Bonobo (Pan paniscus)

The bonobo is an endangered great ape most closely related to the chimpanzee; the two Pan species' last common ancestor is estimated to have lived 1.5-2 million years ago. Isolated to the south of the Congo River, the bonobos have evolved along a trajectory unusual among primates and mammals. Their social system mirrors that of chimpanzees with fission-fusion group structure, female dispersal, a promiscuous mating system, and well-defined yet shifting hierarchy. The Pan species have far more in common than in contrast, but the bonobos are best known for the more derived characteristics of their social system. They are described as more egalitarian and less physically aggressive than chimpanzees; females bond strongly with one another and can be dominant to adult males; sexual activity plays an active role in bonding and conflict resolution. As with all animals, the bonobos' behavior and physiology differ signicantly in the wild and in captivity. However, while the intensity of some behaviors vary with environment (e.g. the frequency of sexual activity), their unique social system remains apparent in both captive communities and the Congo.

Datasets

The data are compiled from many different sources, thus compromising the value of both inter- and intraspecific data comparisons. All datasets include a sources sheet; the complete bibliography is also presented on the webpage. Many ape species have not been studied thoroughly and lack data in most areas of interest. Subject areas are demography, life history, ontogeny, morphology, energetics, and nutrition.

Whole dataset

Bibliography

Aerts, P., Van Damme, R., Van Elsacker, L., & Duchêne, V. (2000). Spatio-temporal gait characteristics of the hind-limb cycles during voluntary bipedal and quadrupedal walking in bonobos (Pan paniscus). American Journal of Physical Anthropology, 111(4), 503. [link]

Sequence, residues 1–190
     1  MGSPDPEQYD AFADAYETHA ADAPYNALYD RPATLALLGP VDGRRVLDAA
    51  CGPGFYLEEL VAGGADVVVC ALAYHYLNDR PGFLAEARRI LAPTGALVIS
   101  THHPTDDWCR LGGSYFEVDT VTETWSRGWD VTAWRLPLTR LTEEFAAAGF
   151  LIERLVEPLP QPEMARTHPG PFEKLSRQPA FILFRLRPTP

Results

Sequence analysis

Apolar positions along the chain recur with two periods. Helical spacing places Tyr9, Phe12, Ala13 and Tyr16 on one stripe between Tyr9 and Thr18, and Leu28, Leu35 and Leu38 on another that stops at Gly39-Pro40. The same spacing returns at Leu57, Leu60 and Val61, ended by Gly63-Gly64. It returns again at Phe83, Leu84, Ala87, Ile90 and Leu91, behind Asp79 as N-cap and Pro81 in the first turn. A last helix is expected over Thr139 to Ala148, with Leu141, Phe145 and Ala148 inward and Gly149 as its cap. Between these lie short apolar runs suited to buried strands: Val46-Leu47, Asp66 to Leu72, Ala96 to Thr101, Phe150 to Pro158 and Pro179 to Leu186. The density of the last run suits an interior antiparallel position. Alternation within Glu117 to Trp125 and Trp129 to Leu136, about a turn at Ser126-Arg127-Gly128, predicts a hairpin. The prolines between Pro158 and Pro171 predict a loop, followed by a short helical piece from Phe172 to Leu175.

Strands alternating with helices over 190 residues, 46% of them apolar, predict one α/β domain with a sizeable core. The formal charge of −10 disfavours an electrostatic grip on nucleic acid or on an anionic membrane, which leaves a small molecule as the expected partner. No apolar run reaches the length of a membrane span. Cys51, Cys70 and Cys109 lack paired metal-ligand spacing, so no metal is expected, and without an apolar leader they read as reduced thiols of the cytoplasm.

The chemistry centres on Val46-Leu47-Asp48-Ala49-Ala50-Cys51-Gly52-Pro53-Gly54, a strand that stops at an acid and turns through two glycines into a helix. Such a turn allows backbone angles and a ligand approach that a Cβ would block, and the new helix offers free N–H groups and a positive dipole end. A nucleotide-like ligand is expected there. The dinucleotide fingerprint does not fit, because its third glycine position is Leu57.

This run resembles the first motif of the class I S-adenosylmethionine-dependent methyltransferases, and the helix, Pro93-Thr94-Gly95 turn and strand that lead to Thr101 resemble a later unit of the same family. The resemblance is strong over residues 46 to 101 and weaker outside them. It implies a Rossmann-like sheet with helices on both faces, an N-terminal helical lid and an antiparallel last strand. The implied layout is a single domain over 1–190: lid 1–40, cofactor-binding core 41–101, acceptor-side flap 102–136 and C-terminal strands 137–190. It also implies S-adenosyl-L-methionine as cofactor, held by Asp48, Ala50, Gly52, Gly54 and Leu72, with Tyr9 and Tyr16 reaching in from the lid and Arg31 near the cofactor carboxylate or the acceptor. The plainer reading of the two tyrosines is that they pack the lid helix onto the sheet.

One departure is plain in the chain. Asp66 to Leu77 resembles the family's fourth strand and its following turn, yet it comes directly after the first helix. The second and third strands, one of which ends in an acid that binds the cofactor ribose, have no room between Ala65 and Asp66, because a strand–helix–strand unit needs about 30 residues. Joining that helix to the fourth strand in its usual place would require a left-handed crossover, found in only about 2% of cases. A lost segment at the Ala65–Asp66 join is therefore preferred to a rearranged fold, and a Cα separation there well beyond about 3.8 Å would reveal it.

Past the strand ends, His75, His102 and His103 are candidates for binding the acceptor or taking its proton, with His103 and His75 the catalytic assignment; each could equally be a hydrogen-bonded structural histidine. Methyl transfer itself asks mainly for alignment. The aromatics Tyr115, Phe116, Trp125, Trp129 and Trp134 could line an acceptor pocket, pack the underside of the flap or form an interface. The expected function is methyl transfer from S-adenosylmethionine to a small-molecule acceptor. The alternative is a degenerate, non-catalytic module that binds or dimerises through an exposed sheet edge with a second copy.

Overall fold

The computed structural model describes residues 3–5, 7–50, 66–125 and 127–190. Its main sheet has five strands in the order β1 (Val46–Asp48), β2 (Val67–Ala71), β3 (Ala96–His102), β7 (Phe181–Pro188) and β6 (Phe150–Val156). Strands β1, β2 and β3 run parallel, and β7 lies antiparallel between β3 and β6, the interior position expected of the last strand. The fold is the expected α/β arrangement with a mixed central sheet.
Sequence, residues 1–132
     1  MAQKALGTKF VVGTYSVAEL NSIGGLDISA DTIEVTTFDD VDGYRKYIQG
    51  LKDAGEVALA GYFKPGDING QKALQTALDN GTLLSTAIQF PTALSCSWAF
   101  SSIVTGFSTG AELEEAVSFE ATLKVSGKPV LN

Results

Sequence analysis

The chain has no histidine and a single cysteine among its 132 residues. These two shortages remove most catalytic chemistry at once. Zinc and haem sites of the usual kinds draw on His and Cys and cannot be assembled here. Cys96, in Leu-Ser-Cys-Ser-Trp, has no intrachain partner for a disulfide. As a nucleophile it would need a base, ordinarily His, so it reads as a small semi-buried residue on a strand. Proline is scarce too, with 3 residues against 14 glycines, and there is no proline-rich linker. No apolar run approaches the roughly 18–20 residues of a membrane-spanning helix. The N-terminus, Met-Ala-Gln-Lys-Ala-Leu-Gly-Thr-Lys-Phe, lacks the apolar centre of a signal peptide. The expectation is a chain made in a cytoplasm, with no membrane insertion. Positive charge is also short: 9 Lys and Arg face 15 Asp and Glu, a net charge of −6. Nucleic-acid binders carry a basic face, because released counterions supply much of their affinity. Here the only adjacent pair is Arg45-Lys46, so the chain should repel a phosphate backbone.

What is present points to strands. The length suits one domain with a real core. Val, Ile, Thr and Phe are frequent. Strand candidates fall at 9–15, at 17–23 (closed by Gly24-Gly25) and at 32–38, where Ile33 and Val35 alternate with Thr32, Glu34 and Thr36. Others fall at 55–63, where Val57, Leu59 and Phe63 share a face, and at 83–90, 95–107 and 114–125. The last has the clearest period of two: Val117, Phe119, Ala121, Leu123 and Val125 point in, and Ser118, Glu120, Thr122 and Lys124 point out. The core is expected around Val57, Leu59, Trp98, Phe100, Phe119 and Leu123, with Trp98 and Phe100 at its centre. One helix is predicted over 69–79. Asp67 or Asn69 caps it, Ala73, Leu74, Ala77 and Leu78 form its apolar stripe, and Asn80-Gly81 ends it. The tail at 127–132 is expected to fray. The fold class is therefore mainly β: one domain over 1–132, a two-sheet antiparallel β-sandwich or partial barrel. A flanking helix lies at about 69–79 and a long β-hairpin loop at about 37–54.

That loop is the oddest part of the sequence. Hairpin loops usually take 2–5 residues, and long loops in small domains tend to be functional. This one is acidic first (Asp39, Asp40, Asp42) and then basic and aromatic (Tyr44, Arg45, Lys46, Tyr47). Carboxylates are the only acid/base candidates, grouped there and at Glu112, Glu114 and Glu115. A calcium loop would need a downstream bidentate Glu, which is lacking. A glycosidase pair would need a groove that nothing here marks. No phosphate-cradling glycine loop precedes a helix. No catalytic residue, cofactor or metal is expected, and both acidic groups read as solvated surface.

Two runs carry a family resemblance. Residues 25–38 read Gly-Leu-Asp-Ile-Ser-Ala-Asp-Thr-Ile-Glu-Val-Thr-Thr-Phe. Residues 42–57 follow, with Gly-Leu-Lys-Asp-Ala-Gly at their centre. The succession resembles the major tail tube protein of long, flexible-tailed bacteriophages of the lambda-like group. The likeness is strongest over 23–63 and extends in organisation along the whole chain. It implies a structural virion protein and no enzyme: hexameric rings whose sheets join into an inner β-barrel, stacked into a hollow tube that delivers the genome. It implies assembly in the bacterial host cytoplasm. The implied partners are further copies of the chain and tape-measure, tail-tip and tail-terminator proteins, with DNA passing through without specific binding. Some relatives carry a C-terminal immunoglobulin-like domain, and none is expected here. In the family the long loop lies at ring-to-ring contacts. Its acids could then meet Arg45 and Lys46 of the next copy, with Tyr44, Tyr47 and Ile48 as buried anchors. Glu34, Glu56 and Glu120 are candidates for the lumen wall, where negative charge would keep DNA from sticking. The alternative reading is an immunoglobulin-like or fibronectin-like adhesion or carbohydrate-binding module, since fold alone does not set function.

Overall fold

Coolidge, H. & Shea, B. (1982) External body dimensions of Pan paniscus and Pan troglodytes chimpanzees. Primates 23, 245–251. [link]

Furuichi, T., Idani, G., Ihobe, H., Kuroda, S., Kitamura, K., Mori, A., Enomoto, T., Okayasu, N., Hashimoto, C., & Kano, T. (1998). Population dynamics of wild bonobos (Pan paniscus) at Wamba. International Journal of Primatology 19, 1029–1043. [link]

Hayssen, V. & Tienhoven, A. (1993). Asdell’s Patterns of Mammalian Reproduction. Cornell University Press. [link]

Isler, K., Kirk, C., Miller, J., Albrecht, G., Gelvin, B., & Martin, R. (2008). Endocranial volumes of primate species: scaling analyses using a comprehensive and reliable data set. Journal of Human Evolution 55, 967–78. [link]

Jungers, W. & Susman, R. (1984). Allometry in African apes. In The Pygmy Chimpanzee, ed. R. Susman, pp. 131–177. Plenum Press.

Kano, T. (1992). The Last Ape: pygmy chimpanzee behavior and ecology. Stanford University Press.

Kuroda, S. (1989) Developmental retardation and behavioral characteristics of pygmy chimpanzees. In Understanding Chimpanzees, pp. 184-193. Harvard University Press.

Mills, J. & Reinartz, G. (1997). The care and management of bonobos in captive environments: a husbandry manual jointly developed for the bonobo SSP and EEP. Zoological Society of Milwaukee County. [link] [pdf]

Neugebauer, W. (1980). The status and management of the pygmy chimpanzee Pan paniscus in European zoos. International Zoo Yearbook 20, 64–70. [link]

Pontzer, H., Raichlen, D., Gordon, A., Schroepfer-Walker, K., Hare, B., O'Neill, M., Muldoon, K., Dunsworth, H., Wood, B., Isler, K., Burkart, J., Irwin, M., Schumaker, R., Lonsdorf, E., & Ross, S. (2014). Primate energy expenditure and life history. Proceedings of the National Academy of Sciences of the United States of America 111, 1433–1437. [link]

Smith, R. & Jungers, W. (1997). Body mass in comparative primatology. Journal of Human Evolution 32, 523-559. [link]

Smith, R. J., & Leigh, S. R. (1998). Sexual dimorphism in primate neonatal body mass. Journal of human evolution, 34(2), 173-201. [link]

Zihlman, A. (1984). Body build and tissue composition in chimpanzees. In The Pygmy Chimpanzee, ed. R. Susman, pp. 179-200. Plenum Press.